The Boy’s Cross Country team is one of the most consistently successful athletic programs at Southern Regional. Today, we sat down with Scott Baker, longtime coach of the boy’s program. Here is our “Baker’s Dozen”!
When did you start running?
Distance, about 6 years ago. However, in high school, I was a sprinter/pole vaulter.
How did you get your start in coaching?
When I first started teaching, one of the reasons I started teaching was to become a coach as well. I assisted Mr. Speck with the teams and it kind of snowballed from there.
What excites you the most about the team each year?
Watching the team develop and form a bond and transform through June to October.
What do you love about running?
Freedom. There are no strict rules that dictate how you have to run. If you’re out in the woods running on your own, you are challenging yourself. There’s a certain independence and self-challenge element that’s unlike any other sport.
What type of courses do you like to run on?
It depends. Sometimes, if I want a challenge, I like to run on a course with a lot of hills and uneven ground. However, if I were trying to get a faster time, I would prefer to run on a well-groomed flat course. It really all just depends on what my mood is.
A lot of people feel like cross-country is not a “spectator sport”, what is your opinion on this?
It’s never going to be one of those high-flying sports like football or basketball, you’re never going to have 50,000 people at a cross country event. Those that understand the sport can appreciate and follow the sport. I suppose there just isn’t enough exposure or awareness of the sport.
Is there anything that can be done to make it more spectator friendly?
Courses really dictate how spectator friendly a race can be. Places like Ocean County Park are very open and looping, which is very spectator friendly, however this isn’t always the best course for the runners.
Could you explain the brotherhood that has developed through the team over the years?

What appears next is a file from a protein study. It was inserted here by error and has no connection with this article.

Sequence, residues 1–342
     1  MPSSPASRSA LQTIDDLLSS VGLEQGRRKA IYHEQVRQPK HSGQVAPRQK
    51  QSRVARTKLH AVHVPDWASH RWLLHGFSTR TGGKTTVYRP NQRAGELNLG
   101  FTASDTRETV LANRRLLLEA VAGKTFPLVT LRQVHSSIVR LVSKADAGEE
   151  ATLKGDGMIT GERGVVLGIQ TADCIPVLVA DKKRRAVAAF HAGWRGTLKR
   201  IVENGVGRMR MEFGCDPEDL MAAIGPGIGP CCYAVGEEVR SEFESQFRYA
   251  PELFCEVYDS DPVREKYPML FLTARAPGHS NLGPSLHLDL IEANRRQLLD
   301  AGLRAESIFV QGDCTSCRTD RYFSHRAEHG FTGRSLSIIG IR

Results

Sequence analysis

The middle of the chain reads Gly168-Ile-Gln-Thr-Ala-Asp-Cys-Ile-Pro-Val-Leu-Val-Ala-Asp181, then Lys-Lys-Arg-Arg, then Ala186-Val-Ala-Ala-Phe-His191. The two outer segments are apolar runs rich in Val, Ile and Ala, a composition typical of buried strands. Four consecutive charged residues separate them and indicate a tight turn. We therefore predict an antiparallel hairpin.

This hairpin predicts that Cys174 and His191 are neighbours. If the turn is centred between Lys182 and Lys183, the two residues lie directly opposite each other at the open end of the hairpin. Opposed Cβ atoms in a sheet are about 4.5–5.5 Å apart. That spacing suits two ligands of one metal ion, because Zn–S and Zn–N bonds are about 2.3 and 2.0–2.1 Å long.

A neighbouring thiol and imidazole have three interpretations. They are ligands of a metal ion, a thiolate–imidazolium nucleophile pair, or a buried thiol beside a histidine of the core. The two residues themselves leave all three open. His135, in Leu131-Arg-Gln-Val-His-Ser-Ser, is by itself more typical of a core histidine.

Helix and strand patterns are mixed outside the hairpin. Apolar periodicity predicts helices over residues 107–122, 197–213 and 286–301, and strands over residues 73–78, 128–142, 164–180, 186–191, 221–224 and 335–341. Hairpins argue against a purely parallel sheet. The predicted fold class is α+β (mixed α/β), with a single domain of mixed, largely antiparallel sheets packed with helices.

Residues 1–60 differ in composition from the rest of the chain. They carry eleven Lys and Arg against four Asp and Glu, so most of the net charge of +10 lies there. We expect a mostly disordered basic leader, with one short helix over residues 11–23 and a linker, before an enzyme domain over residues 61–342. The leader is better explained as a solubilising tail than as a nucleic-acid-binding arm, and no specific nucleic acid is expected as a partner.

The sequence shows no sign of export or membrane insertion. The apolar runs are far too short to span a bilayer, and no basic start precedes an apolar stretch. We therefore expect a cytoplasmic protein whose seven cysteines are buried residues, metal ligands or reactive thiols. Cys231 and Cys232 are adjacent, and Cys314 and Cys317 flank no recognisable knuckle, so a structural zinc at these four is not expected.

Every runner is different, and you want every one of your runners to look after one another, but that isn’t something that can be forced. It kind of just happens as the kids work together and develop a mutual respect and compassion for one another.
What has been your favorite moment in your coaching career?
There’s not one specific moment I can pin down, but I think the overall growth of each runner over the course of the season is pretty great to watch.
Historically, Southern has been a very successful program, what do you attribute this to?
The unity and brotherhood we mentioned before. Everyone on the team works their hardest, not for themselves, but for the team.
Is there anything frustrating about your job as a coach?
Having a team of around 50 or so kids is difficult because as a coach, it’s incredibly difficult to spend enough time with each individual kid, and I think that’s the most difficult thing about my job as a coach.
Do you ever listen to music during your run, if so, what kind?
I used to, but I found that I ran well without music, because I focused more on my breathing and footsteps, as odd as that sounds. When you listen to certain kinds of music, the rhythm and tempo of those songs will usually dictate your pace. Back when I did listen to music as I ran, I would listen to Rage Against The Machine, Jack Johnson, Dirty Heads, some Sublime, and some Kings of Leon.
You run with the team, but do you run in races outside of the school environment?
I am actually planning on running the John Entrikin 5K this year, but I don’t really run that many races because I utilize my time training with the team, so I kind of run vicariously through you guys.